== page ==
Master of the Housebook

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Master of the Housebook

(Meister des Hausbuchs), fl. 1475–1500, German graphic artist. The master is named for a series of vigorous and sophisticated drawings of everyday life found in the Hausbuch at Castle Wolfegg. Many of his engravings are in the Rijksmuseum, Amsterdam. His work is thought to have influenced Bosch, Bruegel, and Dürer.
References in periodicals archive ?
The rich interchange among certain French manuscript painters of the mid- to late fifteenth century, chiefly the eminent Valois court artist Robinet Testard, and Continental engravers like the Housebook Master, as well as various playing card makers, woodcut artists, and printmakers, is well known.
In his late-fifteenth-century dry point, Holy Family by the Rosebush, the Housebook Master goes so far as to show Joseph crawling on the ground and playfully rolling an apple, symbol of the Fall of Adam and Eve, toward the Christ Child (Figure 3).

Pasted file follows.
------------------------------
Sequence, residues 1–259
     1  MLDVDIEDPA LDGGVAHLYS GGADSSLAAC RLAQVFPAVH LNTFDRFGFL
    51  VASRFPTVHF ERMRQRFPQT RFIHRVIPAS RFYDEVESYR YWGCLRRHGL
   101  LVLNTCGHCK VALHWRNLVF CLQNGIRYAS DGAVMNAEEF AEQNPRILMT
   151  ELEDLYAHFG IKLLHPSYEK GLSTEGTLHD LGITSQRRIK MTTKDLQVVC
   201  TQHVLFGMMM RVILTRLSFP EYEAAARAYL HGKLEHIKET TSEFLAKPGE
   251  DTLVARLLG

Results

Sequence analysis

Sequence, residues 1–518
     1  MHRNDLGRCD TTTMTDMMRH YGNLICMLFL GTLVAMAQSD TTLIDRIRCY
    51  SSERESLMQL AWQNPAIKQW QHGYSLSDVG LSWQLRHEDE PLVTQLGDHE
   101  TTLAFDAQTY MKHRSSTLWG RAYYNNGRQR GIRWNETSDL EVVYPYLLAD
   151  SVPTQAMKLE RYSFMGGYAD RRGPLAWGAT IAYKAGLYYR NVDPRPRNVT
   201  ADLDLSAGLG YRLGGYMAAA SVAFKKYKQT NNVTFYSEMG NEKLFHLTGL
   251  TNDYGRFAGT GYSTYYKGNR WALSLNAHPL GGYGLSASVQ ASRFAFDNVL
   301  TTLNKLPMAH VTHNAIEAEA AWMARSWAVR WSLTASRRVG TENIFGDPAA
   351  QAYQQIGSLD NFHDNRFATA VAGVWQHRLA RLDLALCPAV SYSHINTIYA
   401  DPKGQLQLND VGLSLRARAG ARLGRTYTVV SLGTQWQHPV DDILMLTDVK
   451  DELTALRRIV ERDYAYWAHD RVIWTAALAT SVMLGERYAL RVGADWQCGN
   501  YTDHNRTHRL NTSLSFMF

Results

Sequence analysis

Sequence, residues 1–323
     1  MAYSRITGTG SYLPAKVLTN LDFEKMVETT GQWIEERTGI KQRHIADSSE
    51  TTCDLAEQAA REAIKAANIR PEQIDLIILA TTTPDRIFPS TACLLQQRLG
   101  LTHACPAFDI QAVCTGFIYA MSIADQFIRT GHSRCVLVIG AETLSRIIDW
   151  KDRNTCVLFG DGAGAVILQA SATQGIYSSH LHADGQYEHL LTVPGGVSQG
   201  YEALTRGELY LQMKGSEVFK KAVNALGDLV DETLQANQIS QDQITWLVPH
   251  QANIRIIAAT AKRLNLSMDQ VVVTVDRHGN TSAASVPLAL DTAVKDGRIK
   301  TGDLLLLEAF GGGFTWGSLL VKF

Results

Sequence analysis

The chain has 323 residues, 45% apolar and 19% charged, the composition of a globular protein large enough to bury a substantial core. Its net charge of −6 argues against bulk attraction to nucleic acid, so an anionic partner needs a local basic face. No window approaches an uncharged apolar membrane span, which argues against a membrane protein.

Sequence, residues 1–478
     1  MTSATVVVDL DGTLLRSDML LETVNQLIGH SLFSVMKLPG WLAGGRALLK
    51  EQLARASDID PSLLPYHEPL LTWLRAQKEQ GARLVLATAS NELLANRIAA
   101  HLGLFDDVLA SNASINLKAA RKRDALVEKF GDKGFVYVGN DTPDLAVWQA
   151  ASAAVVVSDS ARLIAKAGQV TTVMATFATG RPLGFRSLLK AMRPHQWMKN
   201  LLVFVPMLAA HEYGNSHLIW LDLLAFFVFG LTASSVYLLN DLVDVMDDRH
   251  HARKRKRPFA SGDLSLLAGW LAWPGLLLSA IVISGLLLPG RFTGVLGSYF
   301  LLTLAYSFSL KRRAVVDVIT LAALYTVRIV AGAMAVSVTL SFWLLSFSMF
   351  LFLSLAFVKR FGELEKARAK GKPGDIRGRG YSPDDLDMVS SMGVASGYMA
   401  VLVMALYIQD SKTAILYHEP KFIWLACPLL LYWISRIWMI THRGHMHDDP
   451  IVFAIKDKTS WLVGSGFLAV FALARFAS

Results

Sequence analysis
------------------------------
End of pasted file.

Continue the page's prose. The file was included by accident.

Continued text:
Based around The Housebook, a fifteenth-century German manuscript that depicts diverse aspects of secular medieval life, this collection of works includes prints, drawings, books and artefacts relating to chivalry, war and domestic arts and pursuits in the period.
In classical times Mercury was thought of as an unageing youth and, indeed, the stepson of Juno, one of the competing goddesses, but the astrologers of the Middle Ages saw him as an elderly sage who, in his planetary guise, presided over artists and scholars; which is how Cranach's contemporary, the Master of the Housebook, depicted him.
Such scenes involving sexual temptation with resultant wasted labor occur, for example in the work of the Housebook Master, around 1490, in the well-known "hunt" sequence "In Pursuit of Lesser Game," where people are distracted from their proper tasks in a variety of ways.
Here, very like the scene by the Housebook Master in which a woman in a well tempts a man feeding domestic fowl, a butter maid is distracted by a man who fondles her through a window; overcome by the sin of lust, she ignores the cat that happily licks her cream from the pot.
Venus and Mars: The World of the Medieval Housebook, Munich and New York: Prestel, 1998.
HARALD TERSCH analyses housebooks and family registers, which always stood in the shadow of the mass source "testaments.